Category Archives: Peregrines

Serendipitous snaps, and two new bird species

I made another visit to the RSPB reserve at Burton Mere on Tuesday.

Canada geese.

The recent prolonged spell of hot, rainless weather meant that much of the wetland near the Marsh Covert Hide was, in fact, dry-land, which meant that there weren't all that many birds close to the hide. But there were still plenty to see in the distant pool. Continue reading Serendipitous snaps, and two new bird species

Moorland encounter

Yesterday afternoon was unseasonably glorious, so I decided to head up to the Moor.

There wasn't an awful lot going on, but that's not why I go up to the Moor.

S4643

On my way down from the edge, a chap with a spade and sack spotted me and my camera: “Landscape or wildlife?” he called. Both, I said.

It turned out he was the local gamekeeper, laying out grit for the grouse. We chatted for about 15 minutes. He is clearly trying to engage in outreach, to win over the hearts and minds of the locals. He explained that the people who shoot on the Moor aren't a bunch of toffs, but a local group of hard-working enthusiasts; how they only shoot for six days a year; how they only took over the care of the Moor a few years back, and how he reckons the place is a lot better maintained these days. I agreed: it is. He then asked me for any feedback or ideas.

I suggested that a few more boggy patches and pools might be in order (he told me they're working on this), and that the best way to combat the boom-bust predator-prey population cycles of the grouse-parasite and grouse would be to throw a few more predators into the mix. I don't think he was quite with me on this one. I pointed out that, in the 20+ years I've been walking on the Moor, I've only ever seen two buzzards, one peregrine, and not a single hen harrier. The northern moorland, I said, should be practically swarming with raptors.

“Hen harriers numbers have plummeted drastically in recent years,” he agreed. “Nobody's been able to work out why,” he added.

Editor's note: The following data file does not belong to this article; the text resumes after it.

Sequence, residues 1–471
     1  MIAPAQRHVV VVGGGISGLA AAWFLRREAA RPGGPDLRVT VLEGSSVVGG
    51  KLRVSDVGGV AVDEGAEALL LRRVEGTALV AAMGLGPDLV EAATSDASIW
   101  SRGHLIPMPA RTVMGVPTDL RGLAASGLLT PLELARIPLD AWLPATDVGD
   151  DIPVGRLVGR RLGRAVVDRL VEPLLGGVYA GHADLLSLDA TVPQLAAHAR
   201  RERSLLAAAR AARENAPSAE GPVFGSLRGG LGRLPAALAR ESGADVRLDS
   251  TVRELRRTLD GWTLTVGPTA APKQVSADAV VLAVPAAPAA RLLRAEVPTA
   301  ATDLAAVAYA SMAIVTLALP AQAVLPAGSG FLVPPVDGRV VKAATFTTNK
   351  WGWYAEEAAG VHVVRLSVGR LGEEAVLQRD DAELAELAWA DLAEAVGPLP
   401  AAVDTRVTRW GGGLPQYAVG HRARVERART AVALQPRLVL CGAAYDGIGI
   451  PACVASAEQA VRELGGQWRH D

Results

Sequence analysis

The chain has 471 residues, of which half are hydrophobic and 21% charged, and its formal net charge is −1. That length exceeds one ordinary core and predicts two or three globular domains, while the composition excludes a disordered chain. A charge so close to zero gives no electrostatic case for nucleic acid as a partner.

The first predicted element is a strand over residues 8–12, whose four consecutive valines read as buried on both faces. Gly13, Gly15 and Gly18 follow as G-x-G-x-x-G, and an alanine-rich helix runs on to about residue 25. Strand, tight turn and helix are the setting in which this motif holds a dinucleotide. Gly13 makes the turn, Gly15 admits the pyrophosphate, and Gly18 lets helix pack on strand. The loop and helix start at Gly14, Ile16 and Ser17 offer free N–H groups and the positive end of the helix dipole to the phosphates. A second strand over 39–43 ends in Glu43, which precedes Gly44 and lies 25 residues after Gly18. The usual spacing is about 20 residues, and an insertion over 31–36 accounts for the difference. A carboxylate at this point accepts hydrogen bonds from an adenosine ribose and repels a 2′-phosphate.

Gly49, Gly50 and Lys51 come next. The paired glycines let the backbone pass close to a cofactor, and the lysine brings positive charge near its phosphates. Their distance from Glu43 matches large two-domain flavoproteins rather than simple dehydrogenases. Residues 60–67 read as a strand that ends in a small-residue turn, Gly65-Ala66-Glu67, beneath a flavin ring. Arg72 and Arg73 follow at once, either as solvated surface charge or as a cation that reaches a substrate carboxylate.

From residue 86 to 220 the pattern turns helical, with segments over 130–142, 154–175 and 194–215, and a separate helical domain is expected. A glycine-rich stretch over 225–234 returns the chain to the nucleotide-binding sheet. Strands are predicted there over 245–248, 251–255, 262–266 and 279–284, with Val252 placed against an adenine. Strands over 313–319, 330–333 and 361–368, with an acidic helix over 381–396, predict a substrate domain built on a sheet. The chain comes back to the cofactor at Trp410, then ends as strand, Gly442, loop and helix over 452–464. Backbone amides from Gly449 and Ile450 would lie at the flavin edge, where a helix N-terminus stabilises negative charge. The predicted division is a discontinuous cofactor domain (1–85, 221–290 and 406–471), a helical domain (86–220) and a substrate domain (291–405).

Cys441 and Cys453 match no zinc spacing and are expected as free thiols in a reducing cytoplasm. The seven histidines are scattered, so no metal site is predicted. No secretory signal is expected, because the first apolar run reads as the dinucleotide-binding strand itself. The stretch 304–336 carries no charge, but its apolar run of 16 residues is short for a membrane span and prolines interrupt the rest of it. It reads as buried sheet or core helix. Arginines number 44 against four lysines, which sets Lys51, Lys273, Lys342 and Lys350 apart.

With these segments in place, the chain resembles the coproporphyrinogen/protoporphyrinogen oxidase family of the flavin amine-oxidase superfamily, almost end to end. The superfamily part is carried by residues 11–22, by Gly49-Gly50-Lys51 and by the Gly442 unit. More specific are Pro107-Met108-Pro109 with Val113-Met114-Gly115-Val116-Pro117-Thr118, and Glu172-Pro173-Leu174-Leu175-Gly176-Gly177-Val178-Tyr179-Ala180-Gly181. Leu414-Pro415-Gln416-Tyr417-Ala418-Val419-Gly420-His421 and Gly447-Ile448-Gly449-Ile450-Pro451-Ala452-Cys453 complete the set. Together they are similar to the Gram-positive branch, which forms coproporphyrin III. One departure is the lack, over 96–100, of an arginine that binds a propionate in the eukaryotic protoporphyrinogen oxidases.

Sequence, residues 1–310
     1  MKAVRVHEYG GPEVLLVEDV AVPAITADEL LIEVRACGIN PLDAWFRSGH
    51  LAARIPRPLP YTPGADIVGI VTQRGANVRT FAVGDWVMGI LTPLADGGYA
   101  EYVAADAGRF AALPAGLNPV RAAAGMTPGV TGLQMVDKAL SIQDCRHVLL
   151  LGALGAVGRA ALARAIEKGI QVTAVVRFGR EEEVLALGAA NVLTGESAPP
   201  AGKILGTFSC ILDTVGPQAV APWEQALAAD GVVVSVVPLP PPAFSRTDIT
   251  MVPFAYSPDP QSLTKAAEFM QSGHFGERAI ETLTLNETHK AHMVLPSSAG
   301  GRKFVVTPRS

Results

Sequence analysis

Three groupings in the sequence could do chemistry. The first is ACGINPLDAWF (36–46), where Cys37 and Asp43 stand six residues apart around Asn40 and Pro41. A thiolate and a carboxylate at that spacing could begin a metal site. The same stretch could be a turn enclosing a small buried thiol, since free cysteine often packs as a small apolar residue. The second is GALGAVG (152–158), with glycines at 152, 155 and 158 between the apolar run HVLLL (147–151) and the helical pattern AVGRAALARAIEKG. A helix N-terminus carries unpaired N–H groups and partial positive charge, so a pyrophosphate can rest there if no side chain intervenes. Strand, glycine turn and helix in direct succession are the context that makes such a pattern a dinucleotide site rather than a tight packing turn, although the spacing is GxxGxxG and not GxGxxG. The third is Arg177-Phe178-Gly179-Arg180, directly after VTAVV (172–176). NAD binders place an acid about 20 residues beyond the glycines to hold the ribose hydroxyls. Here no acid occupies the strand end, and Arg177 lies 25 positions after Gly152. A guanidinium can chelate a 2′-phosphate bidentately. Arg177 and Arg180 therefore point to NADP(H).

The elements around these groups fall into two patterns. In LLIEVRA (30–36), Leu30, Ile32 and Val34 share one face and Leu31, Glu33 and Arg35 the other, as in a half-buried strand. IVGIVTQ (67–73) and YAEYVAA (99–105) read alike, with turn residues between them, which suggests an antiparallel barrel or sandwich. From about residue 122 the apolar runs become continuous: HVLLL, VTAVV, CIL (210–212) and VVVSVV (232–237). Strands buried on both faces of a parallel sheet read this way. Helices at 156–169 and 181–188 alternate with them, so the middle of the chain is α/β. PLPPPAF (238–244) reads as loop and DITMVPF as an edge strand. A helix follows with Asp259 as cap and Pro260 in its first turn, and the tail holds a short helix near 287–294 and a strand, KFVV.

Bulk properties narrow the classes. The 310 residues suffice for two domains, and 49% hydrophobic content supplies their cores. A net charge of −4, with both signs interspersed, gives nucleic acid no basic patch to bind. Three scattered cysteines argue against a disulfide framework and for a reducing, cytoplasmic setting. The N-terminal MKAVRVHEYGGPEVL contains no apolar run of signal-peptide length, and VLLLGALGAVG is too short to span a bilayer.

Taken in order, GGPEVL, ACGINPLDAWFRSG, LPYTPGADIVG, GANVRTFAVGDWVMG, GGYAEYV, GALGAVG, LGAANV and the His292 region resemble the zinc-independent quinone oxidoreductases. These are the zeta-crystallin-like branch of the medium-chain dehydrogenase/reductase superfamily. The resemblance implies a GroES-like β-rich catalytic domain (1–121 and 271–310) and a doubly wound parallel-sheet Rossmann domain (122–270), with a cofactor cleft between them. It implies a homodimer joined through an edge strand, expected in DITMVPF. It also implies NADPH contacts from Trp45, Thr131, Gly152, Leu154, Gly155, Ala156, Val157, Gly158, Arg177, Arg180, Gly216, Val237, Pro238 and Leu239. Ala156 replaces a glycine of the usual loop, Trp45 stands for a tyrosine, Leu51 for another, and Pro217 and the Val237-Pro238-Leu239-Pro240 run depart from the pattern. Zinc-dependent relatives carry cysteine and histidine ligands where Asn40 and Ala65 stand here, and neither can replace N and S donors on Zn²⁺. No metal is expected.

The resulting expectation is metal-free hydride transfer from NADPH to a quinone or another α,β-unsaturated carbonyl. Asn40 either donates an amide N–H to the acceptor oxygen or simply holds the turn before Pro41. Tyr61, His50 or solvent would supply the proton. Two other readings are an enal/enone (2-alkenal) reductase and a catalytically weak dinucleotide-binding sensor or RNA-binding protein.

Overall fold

“It's because game-keepers keep shooting them,” I said, calling a spade a spade.

He explained that he had seen a hen harrier on the Moor last summer, and had nearly shot it by accident. He was about to shoot some crows, when he realised they were mobbing a harrier.

He asked me if I'd ever eaten grouse. I said I had, but that I thought it was overrated, and much preferred duck. He confessed that he didn't like the taste of grouse at all—far too strong—but assured me that all the grouse which are shot on the Moor do get eaten.

He seemed like a nice chap, but I'll never understand the mentality of people who enjoy blasting wild birds out of the sky for fun.

On my way down the road towards home, I made up for the previous day's abject failure by managing to take quite a nice photo of a robin in full song.

Robin

Much better to bag wild birds with cameras than shotguns, I reckon.

More photos »

Where was I? (And how I spent my summer)

It has been pointed out to me that I haven't updated this journal in several months. Not that it needed pointing out, you understand: I was painfully aware of the fact. To be honest, I had been toying with the idea of scrapping the whole thing and using the lifesgrandeur.com domain name for some other, as-yet-unidentified purpose.